The seventeenth century in European history is the age of Baroque architecture. Architecture of this period bordered on elegance, magnificence, grandeur, and sophistication.
Baroque architecture was characterized by originality. The prime motivation for architecture was offered by the Papacy of Rome. Seeking to establish authority and thereby to make Rome the center of administration, the commanding Popes of the time favored new architecture as a medium for urbanization. As opposed to the buildings of the earlier era, sculpture and painting became an integral part of the architecture of that period. The altarpieces and the frescoes cycles were unified in a tremendous fashion using color and light in the most perfect manner.
Opposed to the buildings of the Renaissance period, the Baroque architectural buildings revealed a motive to design complex buildings that were in harmony with their political as well as religious goals. Baroque architecture had first emerged in Italy. The commanding Popes were seeking to complete the construction of Saint Peter’s Basilica. The special features and characteristics of the seventeenth century Roman architecture were most importantly depicted in the monumental Baldacchino of gilded bronze beneath the Dome of Michelangelo and in the Colonnaded Piazza of 1650s. The architectural designs by Bernini reveal a seminal direction in the architecture of the period. Francesco Borromini was another such artisan who had emerged in the 1630s. His approach to architecture was different from the rest. The master architects of the period, while remaining true to the theme and dominant architectural characteristics of the period, had their own unique styles.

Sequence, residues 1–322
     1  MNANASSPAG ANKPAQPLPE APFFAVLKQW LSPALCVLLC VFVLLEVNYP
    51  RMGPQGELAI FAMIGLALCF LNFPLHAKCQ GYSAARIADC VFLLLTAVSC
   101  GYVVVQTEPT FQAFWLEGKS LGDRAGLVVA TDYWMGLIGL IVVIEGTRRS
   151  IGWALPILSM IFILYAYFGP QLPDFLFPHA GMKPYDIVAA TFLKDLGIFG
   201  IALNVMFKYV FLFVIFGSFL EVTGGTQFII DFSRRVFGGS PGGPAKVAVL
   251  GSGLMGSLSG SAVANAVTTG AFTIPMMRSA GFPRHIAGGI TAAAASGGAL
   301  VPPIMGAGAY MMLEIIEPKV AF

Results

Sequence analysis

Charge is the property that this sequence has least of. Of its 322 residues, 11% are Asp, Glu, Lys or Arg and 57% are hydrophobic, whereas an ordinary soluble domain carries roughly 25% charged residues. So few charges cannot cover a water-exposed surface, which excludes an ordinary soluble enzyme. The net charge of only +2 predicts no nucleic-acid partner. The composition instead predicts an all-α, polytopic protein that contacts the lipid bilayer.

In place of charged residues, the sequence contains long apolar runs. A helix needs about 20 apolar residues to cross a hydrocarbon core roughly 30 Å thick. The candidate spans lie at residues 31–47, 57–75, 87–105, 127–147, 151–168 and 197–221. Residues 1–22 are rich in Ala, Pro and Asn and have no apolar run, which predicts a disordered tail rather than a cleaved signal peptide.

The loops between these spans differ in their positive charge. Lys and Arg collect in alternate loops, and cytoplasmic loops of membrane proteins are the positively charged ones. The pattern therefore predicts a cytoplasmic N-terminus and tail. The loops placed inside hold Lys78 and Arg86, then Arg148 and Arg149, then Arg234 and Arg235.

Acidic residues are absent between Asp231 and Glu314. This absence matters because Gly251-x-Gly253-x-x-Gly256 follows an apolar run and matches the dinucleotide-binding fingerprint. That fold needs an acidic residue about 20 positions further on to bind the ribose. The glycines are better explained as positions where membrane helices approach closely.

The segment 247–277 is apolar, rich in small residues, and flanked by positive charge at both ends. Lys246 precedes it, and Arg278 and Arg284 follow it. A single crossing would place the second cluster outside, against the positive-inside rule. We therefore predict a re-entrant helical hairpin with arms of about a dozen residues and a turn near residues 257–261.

Whereas in Italy, the architectural innovations and styles centered around the ecclesiastical buildings, in France the architecture was more secular in nature. Louis le Vau was commissioned by the Surintendent des Finances to raise an elegant chateau at Vaux la Vicomte. This, along with the gardens that were laid out at Le Notre, stands out as the prime specimens of the Baroque architecture. In France, with the designing of the Church of Invalides, the ecclesiastical architecture reached the acme of success. The Church symbolizes the French principles of architectural aestheticism. The monument was designed by J.N. Mansart under the patronage of Louis XV. The façade showcases the classicism. The altar has been offered a very high position much influenced by St. Peter’s baldacchino.
Another exquisite specimen of the Baroque style of architecture was the Blenheim Palace that had begun in the year 1705. This brilliant piece of architecture was designed by John Vanbrugh. It was the residential place for the Duke of Marlborough. The building was inspired by the piazza San Pietro by Bernini and Palace at Versailles. It also combined the medieval architectural features, while keeping with dominant style of the Baroque architecture.